• U.S. farm support may offset lackluster Chinese ag purchases
  • Prices for crops such as corn and wheat are on the rise, however
  • That led some to complain the latest support package is about the November election

U.S. President Donald Trump may be pegging his success in November on subsidies for farmers meant to balance the lackluster commitment to early U.S.-Chinese trade deals and higher marketing costs.

The U.S. Department of Agriculture announced plans in September to provide relief for sectors ranging from tobacco to row crops and wool. The payments, the department said, “will provide eligible producers with financial assistance that gives them the ability to absorb some of the increased marketing costs associated with the COVID-19 outbreak.”

Farm-belt states were counted in Trump’s column during the 2016 race, helping to turn key battleground states such as Michigan red in his favor in the Electoral College. The latest polling data from FiveThirtyEight finds many of those states may be turning blue. It’s neck-and-neck in Ohio, though Trump has an edge over former Vice President Joe Biden in Iowa. Michigan, meanwhile, is looking to be moving into Biden’s column.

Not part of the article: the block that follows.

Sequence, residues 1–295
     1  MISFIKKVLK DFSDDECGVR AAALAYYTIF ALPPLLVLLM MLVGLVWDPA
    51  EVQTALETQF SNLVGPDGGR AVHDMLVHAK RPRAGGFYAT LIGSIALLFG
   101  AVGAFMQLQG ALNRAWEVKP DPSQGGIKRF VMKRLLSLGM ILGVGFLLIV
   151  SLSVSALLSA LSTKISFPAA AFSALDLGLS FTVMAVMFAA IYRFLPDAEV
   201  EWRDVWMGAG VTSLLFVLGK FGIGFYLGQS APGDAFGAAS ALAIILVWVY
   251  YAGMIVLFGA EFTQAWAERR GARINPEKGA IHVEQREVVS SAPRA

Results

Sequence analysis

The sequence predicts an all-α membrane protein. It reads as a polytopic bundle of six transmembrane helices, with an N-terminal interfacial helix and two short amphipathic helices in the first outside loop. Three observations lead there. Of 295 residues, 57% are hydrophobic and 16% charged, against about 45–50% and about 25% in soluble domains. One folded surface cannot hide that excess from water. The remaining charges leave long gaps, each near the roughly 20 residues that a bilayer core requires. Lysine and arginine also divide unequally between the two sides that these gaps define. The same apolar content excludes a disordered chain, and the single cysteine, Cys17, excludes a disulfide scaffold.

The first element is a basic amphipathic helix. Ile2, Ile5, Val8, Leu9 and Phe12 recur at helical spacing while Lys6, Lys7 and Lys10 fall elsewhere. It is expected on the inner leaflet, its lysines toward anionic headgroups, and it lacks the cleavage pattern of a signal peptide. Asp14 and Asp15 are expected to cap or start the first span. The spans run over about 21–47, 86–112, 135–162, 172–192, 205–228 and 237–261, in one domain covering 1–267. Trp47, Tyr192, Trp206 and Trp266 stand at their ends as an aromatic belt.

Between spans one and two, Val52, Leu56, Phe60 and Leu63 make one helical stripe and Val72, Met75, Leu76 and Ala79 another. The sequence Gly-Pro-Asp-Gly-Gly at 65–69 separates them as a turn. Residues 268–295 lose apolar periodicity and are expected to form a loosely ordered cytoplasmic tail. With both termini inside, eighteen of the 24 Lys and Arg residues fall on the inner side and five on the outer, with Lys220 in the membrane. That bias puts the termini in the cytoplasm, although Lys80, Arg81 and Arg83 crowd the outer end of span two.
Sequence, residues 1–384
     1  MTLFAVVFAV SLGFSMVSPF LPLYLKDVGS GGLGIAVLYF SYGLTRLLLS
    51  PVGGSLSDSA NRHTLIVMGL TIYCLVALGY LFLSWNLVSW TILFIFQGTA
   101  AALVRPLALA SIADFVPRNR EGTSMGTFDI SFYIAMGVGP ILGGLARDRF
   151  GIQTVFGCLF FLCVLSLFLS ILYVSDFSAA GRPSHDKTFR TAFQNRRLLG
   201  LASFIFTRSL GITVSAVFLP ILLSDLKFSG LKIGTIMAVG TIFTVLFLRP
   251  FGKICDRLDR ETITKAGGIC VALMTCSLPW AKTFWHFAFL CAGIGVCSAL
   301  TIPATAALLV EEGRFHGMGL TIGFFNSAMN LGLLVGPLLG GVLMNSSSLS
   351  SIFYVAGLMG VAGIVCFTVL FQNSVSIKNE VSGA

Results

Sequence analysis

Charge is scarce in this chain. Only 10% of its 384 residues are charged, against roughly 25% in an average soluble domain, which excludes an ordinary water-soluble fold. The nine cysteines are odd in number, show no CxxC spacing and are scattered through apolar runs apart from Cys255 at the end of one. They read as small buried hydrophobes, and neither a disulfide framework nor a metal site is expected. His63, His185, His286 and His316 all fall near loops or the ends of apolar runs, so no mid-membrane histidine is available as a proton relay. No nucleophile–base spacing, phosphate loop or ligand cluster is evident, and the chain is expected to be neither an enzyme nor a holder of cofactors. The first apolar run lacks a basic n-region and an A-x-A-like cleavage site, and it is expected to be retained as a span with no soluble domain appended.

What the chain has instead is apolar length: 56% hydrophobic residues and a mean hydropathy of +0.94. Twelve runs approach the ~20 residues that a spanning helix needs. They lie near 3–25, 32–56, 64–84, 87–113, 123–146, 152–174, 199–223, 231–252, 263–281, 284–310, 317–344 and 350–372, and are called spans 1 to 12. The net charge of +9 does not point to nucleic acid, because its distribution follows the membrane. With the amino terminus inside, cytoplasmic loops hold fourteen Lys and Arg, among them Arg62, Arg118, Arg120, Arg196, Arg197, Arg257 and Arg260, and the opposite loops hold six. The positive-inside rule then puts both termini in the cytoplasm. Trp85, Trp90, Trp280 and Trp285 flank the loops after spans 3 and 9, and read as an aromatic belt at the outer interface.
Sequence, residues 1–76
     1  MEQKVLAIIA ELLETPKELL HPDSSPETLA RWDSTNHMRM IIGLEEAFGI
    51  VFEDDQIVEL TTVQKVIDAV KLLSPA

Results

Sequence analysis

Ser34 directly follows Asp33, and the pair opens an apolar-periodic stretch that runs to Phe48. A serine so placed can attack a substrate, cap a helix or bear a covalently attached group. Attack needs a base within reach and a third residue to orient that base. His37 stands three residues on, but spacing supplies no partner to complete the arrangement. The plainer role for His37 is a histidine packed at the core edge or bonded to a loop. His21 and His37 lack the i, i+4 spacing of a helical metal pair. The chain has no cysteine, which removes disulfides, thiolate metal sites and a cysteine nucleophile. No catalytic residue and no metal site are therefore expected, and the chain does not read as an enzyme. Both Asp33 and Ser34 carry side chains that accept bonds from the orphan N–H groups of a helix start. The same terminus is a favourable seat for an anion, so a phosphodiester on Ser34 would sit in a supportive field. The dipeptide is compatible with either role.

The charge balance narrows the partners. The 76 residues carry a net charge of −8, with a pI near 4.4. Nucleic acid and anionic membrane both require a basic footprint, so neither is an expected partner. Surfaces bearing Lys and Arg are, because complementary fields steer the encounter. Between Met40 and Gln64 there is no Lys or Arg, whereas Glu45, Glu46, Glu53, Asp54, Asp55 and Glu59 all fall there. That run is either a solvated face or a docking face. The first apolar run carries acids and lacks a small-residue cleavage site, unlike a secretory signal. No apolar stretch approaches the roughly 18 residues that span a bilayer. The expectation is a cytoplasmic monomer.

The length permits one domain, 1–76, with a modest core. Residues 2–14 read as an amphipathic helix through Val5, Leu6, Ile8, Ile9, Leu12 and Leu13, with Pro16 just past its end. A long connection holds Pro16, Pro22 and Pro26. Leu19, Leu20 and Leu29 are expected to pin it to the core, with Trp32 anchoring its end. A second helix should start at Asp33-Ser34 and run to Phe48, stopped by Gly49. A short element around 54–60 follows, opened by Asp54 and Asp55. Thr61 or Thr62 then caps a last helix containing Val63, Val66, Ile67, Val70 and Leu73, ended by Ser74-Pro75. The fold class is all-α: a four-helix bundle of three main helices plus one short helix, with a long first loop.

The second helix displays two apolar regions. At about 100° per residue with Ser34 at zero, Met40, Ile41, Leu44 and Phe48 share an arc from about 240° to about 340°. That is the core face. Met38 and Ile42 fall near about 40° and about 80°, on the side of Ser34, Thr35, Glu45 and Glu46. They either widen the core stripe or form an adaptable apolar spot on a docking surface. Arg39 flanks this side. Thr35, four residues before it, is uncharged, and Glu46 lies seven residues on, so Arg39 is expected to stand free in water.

In April, when commodity prices fell through the floor due to the demand destruction from the pandemic, the Environmental Working Group, which advocates for a healthier future for everything from farms to fracking, said federal stimulus wasn’t enough to support farmers. In comments published by the Reuters news service, however, the group said it was worried the latest package was more about keeping the farm belt in Trump’s column. The program, it said, amounted to good “old-fashioned vote buying.”

The U.S. agricultural sector was bruised by the Sino-American trade deal. Though increasing its purchase of corn and soybeans during the second half of the year, China is still well below the $36.5 billion obligated in the so-called Phase 1 trade deal.

Trends in commodity prices, however, could support the sentiment from the Environmental Working Group. Prices for crops such as soybeans and wheat have seen steady gains, while corn prices are near a one-year high. A gauge of sentiment among agricultural producers from Purdue University and the CME Group found optimism in September was at its highest level since the pandemic began in late 2019, thanks in part to the federal support.

Including the $14 billion outlined in the September package, total payments to U.S. farmers this year came in at a record $51.2 billion.